Do I need a backhaul unit?

I have a 9000AP (7.3.6) transmitting from a T1 using Pacific-Wireless 120-degree sectorized antennas VPOL, set to transmit at 906MHz. There is an area centered about 5.5 miles away where I would like to set up another 9000AP using an omni-directional antenna - this to serve an area that cannot be reached by the first transmitter because of the topography of the area (getting behind a hill).

My plan is to set up a 9000SM connected to the new 9000AP. There could be 20-30 subscribers connected to this new 9000AP and I have questions about the viability of this configuration. Since all of this is tied to a T1 with 1.5Mbps capacity, I ask myself what I’m worried about since the SM and AP have more capacity then 1.5Mbps. However, I also assume that the way in which the SM handles bursts, for example, could adversely affect the way in which multiple subscribers on a single SM will perform.

Currently, there are 14 subscribers on this AP but that could grow. At some point when I’m reaching the saturation point of the T1, I’ll migrate to bonded 2xT1s.

Are there ways in which the SM can be configured to minimize this impact, or, put another way, to maximize the performance of this configuration? Obviously, using a backhaul unit would be more effective but a great deal more expensive.

Any advice you can provide would be great. Thanks.

If I read this correctly, you want to tie a new SM to your old original SM and link to a new 900 AP? If so we did this when we first setup our system. It worked but the problem was we were causing self interference and had sync problems (we had no CMMs at the time). One of the APs would drop almost all users almost every weekend so to get away from this we installed the 5.7 BHs with CMM Micros at each site. The 5.7s are rock solid with signals in the high 50s low 60s and jitter of 0 or 1 at all sites (2 @ 12 miles out, 1 18 miles and one 24 miles out). Using the BH and CMM cleared up many frustrations but if you cant afford to do it now now, it can be done other ways. Use 906 at your old AP and run the new one at the upper end (920 or so). Depending on where you are the upper end of the band may perform less than down near 920 if paging or cellular has a heavy presence.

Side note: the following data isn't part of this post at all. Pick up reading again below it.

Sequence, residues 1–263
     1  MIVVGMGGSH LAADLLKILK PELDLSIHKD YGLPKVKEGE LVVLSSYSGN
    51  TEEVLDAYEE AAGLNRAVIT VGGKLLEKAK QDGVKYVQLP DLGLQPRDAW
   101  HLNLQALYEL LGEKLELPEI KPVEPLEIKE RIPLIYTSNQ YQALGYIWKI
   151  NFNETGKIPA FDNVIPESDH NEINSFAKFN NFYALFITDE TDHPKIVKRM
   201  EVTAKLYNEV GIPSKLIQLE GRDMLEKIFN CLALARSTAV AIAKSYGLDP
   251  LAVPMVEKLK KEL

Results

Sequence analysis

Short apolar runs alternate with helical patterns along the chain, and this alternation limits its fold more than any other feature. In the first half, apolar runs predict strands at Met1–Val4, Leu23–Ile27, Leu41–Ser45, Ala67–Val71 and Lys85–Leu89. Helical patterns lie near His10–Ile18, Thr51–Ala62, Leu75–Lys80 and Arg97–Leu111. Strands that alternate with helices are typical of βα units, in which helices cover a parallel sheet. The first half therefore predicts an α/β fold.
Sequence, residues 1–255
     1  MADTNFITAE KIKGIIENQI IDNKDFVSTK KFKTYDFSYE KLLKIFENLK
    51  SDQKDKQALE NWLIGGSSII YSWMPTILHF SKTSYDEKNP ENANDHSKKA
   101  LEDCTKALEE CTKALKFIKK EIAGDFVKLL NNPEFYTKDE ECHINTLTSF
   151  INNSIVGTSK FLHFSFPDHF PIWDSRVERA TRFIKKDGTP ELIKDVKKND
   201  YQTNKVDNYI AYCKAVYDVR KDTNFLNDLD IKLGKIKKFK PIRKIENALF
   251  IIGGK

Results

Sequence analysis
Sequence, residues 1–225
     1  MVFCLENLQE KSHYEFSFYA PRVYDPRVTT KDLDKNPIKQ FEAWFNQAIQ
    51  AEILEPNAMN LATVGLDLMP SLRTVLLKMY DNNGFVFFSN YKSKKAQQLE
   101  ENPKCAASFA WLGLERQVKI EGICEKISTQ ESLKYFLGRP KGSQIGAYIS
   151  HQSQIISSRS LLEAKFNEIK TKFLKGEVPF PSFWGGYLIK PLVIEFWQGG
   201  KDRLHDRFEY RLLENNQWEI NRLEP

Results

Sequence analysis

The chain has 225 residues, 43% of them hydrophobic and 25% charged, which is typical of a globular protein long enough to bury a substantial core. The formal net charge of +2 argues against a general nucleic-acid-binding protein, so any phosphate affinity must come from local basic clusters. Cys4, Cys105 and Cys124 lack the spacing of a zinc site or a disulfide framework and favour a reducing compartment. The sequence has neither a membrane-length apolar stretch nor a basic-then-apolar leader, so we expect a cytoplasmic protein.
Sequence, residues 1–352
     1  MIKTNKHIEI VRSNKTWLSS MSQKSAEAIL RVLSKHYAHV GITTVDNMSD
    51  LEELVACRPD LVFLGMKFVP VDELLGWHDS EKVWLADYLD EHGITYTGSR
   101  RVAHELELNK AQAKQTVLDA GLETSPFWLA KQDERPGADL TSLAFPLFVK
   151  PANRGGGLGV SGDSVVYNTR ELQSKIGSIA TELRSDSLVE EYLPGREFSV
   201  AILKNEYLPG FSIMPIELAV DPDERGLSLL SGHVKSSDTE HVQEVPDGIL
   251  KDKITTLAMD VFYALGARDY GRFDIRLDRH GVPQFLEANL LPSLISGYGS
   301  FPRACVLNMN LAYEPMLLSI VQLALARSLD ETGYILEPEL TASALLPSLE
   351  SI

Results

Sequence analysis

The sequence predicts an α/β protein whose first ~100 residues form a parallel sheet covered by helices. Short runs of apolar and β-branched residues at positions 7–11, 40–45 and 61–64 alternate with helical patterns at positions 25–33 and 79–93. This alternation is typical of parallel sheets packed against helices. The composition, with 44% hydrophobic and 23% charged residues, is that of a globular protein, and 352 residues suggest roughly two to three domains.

This is a supported technique called “Remote AP”.

There is an application paper in the Moto Library on how to set this up including carrying sync to the remote AP.

There are three non-overlapping channels at 906, 915, and 924. The idea of using as much separation as possible is a good one.

Since you are using V-Pol Sector antennas, using a H-Pol Omni will further decrease the possibility of inter-tower self interference.

Before you buy anything, take an SM with an 8dB panel antenna to the proposed tower and coverage area and do some spectrum analysis readings. Take some readings at the tower, and then drive around and take some readings with the antenna pointed at the tower. Take each measurement with the antenna H-Pol, and V-Pol.

This will give you an idea of the noise in the area, potential sources of interference, and a baseline to look at later in case something develops.

We are currently feeding 2 AP sites with SM’s instead of using BH’s. We are using 2.4 SM’s to feed the 900 AP’s because we can get them with LOS and the 2.4 SM’s have better throughput.

Another ISP we are working with in another area of the province IS using 900 SM’s to feed remote 900 AP’s with up to 40 customers on a single AP using a HPOL Omni. The average subscriber speed is .75 Mbps with a 3 Mbps pipe to the uplink the SM’s are feeding off. The entire network is also using Software Scheduling so I think you could expect similar results even with the 1.5 Mbps T1 feeding your AP.

Graham MacDonald
Manager - Wireless Services
TNC Wireless

Thank you all for the leads and suggestions. I plan on getting a bucket lift and a long mast to do the site survey and will travel around and see what kind of connections I get in the area.

With the weather forecast full of rain for the next week, it will be a while before I get to this, but I’ll report back on my progress.

Thanks again.